1983 "Autocollant de Batcopter & tableu de bord bleu"
The distinguishing features of this version include a filled-in nostrils on the bat nose, taillights that are also completely filled in, a non-moving exhaust flame, the Batmobile label on the underside of the car was revised to include a copyright stamp for National Periodical Publications, a wider slot for the chain cutter which was slightly dimpled at the top of the slot and wider whizzwheels that extended out beyond the car's fenders.
In terms of quality of construction, this is the worst. From about 1976 on, the "rivets" particularly those inside the car were often not as tight as on previous versions. Also, I've seen dashboards that were simply never chrome plated with this version.
1979-83 Corgi Batmobile - now made with wide wheels, (people tended to complain that the thinner whizzwheels broke or bent too easily and made the car useless when playing with them on concrete, and the suspension broke too easily, hence the wide wheels) early versions that came in the yellow blue with built in header card came with the pink Robin, the headlights changed from yellow to orange, and the horn indicators were not cut out properly. When the box itself changed in 81, to the black red yellow box with detachable header card, Robin was no longer in the car. Later versions had what’s known as the blue dashboard, (which is easily accomplished, (you could do this yourself with a cotton bud and a bit of white spirit) Batcopter stickers on etc. These were the last to leave the assembly line, since Corgi knew they were finished, and built the car with what was left. The horn indicators, either side of the beacon, now were not cut out properly. If you look at any version before this one you will notice that the tips are still on the wide wheeled version, but instead of bending into a curve from the top. It just goes straight down now. Previous versions the curve was cut out. The header card was also packaged separately when it went to the shops, (so the header card didn't get bent or damaged) and it was up to the shop keeper to attach them, which the majority of the time he didn’t. That’s why the last issue box with a header card is extremely rare.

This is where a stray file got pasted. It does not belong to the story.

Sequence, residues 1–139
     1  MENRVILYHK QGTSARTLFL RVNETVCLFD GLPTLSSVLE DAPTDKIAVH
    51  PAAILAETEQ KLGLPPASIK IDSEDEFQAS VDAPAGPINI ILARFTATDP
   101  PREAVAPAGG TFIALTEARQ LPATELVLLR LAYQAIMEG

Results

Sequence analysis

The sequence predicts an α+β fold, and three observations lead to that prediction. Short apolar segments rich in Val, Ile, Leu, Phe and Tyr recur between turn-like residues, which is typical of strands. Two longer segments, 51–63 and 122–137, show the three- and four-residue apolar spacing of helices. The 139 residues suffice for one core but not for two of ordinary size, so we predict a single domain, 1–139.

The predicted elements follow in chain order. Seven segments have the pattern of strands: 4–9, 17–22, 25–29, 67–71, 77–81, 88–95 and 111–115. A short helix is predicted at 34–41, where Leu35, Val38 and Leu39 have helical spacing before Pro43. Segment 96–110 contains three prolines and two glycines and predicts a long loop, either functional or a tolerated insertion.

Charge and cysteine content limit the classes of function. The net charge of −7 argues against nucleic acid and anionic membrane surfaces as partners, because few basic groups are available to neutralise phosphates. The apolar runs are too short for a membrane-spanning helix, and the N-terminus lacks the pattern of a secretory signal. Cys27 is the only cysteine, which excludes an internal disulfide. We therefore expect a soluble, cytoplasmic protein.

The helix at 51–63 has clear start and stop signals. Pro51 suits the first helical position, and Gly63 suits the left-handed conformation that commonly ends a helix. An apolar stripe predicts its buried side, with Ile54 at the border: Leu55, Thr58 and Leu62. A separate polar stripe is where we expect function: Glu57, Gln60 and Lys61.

It was expensive to make the red hub Batmobile, with all its features, so they simply got rid of some of them. The first casualty of the change was the pulsating flame, which was lost due to the change to red tyres. In 76, they got rid off the instructions envelope, and instead printed them on the box itself. The last version, the wide wheeled was by far the worst. They didn’t trim the indicator horns, didn’t paint the dashboards properly, and even ran out of the bat logos for the doors, but still had cars left over. The solution ? Simply use the Batcopter stickers. They weren’t going to print off more, especially since they were going under. (For anyone whos worked in a factory, it can take several months or even a couple of years to shut down a factory!!) If only they'd kept it the original way, it might still be popular.
The final Batmobiles to leave the factory were the Batcopter stickers version AND the blue dashboard version. When it became clear they were going under and working short-time, they used what was left. Usually, these faults wouldn't have passed, but because they went bust they had to pay their staff and crediors with something. So, any parts left built a Batmobile. At first they separated the faults, so not all the faults appeared on one car. Later on, they combined them, so its possible to find a Batmobile out there with a blue dashboard and Batcopter stickers. I have never seen this version, but i know it exists somewhere!!
* note the rare and unusual bright blue dashboard found on these versions *